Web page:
Along with my fellow board members of the Harvard Republican Club, I long wrestled with the prospect of Donald Trump receiving the nomination and potentially winning the presidency. The club’s decision not to endorse him stems from a party-wide hope to regroup and retake the Oval Office in four years’ time, under the pretense that Republicanism would be damaged by a Trump administration. But it is my contention that Donald Trump possesses presidential attributes and ideals that appeal not only to Republicans, but also to everyone honored to dwell in this country.
In 1775, Founding Father Patrick Henry declared, “There is a just God who presides over the destinies of nations; and who will raise up friends to fight our battles for us. The battle, sir, is not to the strong alone; it is to the vigilant, the active, the brave.” Trump actively gathers support by reawakening a sense of pride in the identity each of us has as an American. Firm and bold promises regarding border security, military prestige, financial supremacy, and the preservation of capitalism strike a deep and patriotic chord with their connotation of national strength. Trump’s advocacy for American greatness does not signify a lack of compassion for foreigners, but rather is a reply to an erosion of our foundations, embodied by tendencies toward entangling political correctness, dangerous diplomacy, and socialistic infringement on the American Dream. His condemnation of Hillary Clinton’s wish to impose more taxes on the wealthy while reducing the incentive for welfare recipients to rise above unemployment stems from trust in the aptitude and desire of all Americans to diligently meet the needs of themselves and those dependent upon them.
As a Christian and a conservative, I am not alone in questioning Trump’s views on certain social matters, but I am confident that he will not allow a reckless desire for change—or a selfish mission to preserve his image—to bypass due process or to silence members of either party. I admire his faith in citizens’ capacity to wield the Second Amendment in an empowering manner. I echo his message of entrepreneurship applied toward providing for oneself and one’s family. And I commend his efforts to engage with the underrepresented—note his frustration at a rally in Colorado, when event coordinators, to avoid a fire hazard, denied admission to many supporters. He is repelled by the prospect of leaving any listeners on the outside looking in.
Some are quick to mention Trump’s fluctuating stances. For instance, a segment in the recent debate dealt with whether he had initially opposed the Iraq war. Through allegations and controversy, his campaign has unwaveringly demonstrated support for our military, confirming his steadfast loyalty to those like my father who have served and continue to serve our nation. In hindsight it is easy to deem past decisions regrettable, but it is unfair to criticize them solely on this premise, and instead we must focus on using the wisdom that history offers for the present. In further response to critics, contemplate the hypocrisy of current Clinton ads, which speak of her desire to give “every man, woman, and child the chance to live up to their God-given potential,” despite her readiness to dismiss the unfulfilled potential of the unborn, evidenced by unprecedented proposals for abortion.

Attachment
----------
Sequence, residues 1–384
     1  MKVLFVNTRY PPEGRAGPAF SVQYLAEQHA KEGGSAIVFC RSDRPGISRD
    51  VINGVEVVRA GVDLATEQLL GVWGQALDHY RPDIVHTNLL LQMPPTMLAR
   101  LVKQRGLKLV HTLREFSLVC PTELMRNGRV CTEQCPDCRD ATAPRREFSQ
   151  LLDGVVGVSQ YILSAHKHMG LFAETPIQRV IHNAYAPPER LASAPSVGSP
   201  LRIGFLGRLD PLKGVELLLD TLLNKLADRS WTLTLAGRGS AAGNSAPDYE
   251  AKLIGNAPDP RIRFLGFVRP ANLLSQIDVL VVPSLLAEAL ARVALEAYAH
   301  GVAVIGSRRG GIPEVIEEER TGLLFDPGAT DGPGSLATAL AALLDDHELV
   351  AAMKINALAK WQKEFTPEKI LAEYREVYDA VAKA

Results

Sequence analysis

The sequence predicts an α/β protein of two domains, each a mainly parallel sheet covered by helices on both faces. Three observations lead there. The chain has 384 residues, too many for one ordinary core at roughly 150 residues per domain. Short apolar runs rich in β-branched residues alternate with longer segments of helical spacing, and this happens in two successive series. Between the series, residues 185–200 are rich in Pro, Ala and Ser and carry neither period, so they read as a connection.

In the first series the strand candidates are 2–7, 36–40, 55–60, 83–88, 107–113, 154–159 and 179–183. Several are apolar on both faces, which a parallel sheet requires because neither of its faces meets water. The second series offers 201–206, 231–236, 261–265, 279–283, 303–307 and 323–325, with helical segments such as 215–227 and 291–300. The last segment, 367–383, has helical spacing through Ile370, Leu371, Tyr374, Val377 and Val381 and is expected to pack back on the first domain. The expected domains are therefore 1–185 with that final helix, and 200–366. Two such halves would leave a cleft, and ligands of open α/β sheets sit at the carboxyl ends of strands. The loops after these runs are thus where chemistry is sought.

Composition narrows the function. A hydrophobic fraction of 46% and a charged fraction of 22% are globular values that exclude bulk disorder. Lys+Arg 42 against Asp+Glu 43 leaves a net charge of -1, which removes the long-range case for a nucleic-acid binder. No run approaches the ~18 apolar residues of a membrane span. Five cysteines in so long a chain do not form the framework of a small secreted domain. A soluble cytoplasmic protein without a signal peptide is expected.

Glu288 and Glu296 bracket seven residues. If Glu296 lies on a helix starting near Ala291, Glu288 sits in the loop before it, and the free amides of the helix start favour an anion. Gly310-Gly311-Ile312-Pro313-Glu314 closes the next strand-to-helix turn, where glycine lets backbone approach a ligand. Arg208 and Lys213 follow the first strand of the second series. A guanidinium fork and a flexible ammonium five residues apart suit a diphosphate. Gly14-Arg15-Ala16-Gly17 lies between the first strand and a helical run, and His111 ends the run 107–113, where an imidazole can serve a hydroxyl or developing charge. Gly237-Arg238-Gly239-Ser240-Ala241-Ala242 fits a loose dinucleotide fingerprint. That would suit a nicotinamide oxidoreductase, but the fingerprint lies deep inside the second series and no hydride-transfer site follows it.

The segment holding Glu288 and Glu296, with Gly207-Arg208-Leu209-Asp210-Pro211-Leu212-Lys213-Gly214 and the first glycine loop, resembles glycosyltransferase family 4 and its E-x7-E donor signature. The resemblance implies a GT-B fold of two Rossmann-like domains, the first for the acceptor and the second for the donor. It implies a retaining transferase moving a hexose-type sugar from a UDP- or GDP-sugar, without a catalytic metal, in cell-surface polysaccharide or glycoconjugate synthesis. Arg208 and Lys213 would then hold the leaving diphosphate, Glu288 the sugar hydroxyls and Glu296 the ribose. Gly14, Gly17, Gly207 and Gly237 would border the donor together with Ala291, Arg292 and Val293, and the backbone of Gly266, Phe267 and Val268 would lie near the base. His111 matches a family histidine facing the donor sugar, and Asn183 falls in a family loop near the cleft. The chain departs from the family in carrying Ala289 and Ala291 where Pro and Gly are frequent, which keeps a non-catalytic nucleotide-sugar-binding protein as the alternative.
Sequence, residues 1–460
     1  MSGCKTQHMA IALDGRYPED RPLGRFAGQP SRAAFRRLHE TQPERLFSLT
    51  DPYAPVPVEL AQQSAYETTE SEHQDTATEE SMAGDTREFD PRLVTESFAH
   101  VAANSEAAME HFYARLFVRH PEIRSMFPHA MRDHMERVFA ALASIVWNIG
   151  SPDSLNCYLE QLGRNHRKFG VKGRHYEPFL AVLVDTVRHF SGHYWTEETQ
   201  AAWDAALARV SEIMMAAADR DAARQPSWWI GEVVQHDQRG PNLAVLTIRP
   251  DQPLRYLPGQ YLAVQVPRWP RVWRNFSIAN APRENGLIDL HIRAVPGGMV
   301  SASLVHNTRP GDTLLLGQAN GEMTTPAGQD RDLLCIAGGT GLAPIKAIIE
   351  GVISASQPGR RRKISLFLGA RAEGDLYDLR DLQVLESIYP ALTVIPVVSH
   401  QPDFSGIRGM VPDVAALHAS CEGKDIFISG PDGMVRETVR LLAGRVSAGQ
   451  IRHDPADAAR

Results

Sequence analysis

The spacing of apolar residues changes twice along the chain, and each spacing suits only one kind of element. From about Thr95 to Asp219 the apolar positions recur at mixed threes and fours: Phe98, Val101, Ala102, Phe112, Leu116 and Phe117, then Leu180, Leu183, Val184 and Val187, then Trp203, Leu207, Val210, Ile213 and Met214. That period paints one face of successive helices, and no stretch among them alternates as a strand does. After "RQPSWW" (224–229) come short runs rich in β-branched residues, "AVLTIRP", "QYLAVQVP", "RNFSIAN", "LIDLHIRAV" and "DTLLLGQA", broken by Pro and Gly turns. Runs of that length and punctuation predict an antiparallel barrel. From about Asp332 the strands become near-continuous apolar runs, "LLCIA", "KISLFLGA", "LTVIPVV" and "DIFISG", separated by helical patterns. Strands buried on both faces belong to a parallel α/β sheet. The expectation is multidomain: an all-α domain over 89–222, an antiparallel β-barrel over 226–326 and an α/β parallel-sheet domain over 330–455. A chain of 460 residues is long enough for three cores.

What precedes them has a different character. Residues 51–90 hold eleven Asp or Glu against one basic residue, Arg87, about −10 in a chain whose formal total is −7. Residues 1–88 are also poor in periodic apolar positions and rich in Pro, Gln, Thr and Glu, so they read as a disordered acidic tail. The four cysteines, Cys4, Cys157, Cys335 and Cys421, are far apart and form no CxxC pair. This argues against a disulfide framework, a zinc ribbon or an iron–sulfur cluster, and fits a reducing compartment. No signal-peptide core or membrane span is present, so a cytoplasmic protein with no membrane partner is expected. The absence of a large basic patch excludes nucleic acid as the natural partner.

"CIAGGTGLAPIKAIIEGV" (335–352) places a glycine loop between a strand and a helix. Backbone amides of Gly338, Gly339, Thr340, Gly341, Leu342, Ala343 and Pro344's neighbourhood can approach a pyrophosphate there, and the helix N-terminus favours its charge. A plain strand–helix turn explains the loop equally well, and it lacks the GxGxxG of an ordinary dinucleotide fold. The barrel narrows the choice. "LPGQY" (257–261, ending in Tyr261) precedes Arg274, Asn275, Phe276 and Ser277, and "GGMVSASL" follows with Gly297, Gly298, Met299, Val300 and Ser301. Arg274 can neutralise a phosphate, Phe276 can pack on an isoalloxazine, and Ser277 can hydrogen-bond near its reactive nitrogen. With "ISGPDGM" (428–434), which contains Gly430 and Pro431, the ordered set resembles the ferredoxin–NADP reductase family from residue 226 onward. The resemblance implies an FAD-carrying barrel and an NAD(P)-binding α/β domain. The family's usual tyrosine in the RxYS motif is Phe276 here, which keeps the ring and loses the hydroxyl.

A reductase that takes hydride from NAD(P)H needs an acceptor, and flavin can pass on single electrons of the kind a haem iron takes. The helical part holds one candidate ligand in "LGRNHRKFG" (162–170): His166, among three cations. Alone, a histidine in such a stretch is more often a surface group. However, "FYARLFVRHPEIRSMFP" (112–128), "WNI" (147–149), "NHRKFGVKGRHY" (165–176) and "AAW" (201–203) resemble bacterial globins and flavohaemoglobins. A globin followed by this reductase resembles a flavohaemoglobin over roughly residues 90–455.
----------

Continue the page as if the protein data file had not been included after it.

It’s true that Trump lacks political experience, but one individual’s shortage of experience has rarely doomed any endeavor. Consider President Eisenhower, who with a non-political background settled the Suez Canal crisis, signed the 1957 Civil Rights Act, and established the Interstate Highway System. Hope unfailingly rests on appointing seasoned advisors, and in turn to wisely weigh their counsel. It is chosen individuals such as Governor Pence—those undeniably informed in the political sphere—who will sharpen Trump’s understanding.
Weeks ago, Trump’s rhetoric involved Clinton’s escape from federal prosecution in the wake of her email scandal, generating legitimate concern about the Democrats’ integrity in upholding Constitutionality equally in all cases. Later, he focused on the Democratic Party’s ineffectiveness in combating racial tensions despite an ever-increasing influx of funding in intercity communities. He has noted Clinton’s lack of vigilance, as witnessed by her role in the overly concessive nuclear deal with Iran, whose leader has openly spoken for “death to America”—in fact, sanctions were lifted prematurely last week from two Iranian banks that had supported Iran’s ballistic missile program. In what he has said and written, his attacks have centered on Clinton’s tangible failure (or on matters that would induce failure). Moreover, though she is not to be blamed for shortfalls of President Obama’s domestic policy, the role of any new candidate is to put forth solutions to problems left by his or her predecessor. With Clinton, we instead see a disappointing absence of ideas to remedy the more than $19 trillion national debt and to alleviate racial unrest, and a refusal to recognize the downfalls of the Affordable Health Care Act.
In a scenario where the vote will most pivotally shape our course, I urge all who will listen not to dismiss their qualms about Donald Trump, but foremost to genuinely consider his merits and the capacity he has to admirably serve the United States.
Alexander J. Cullen ’18, the secretary of the Harvard Republican Club, is a biomedical engineering concentrator living in Leverett House. The views expressed in this article are those of the author and do not reflect the official position of the Harvard Republican Club.
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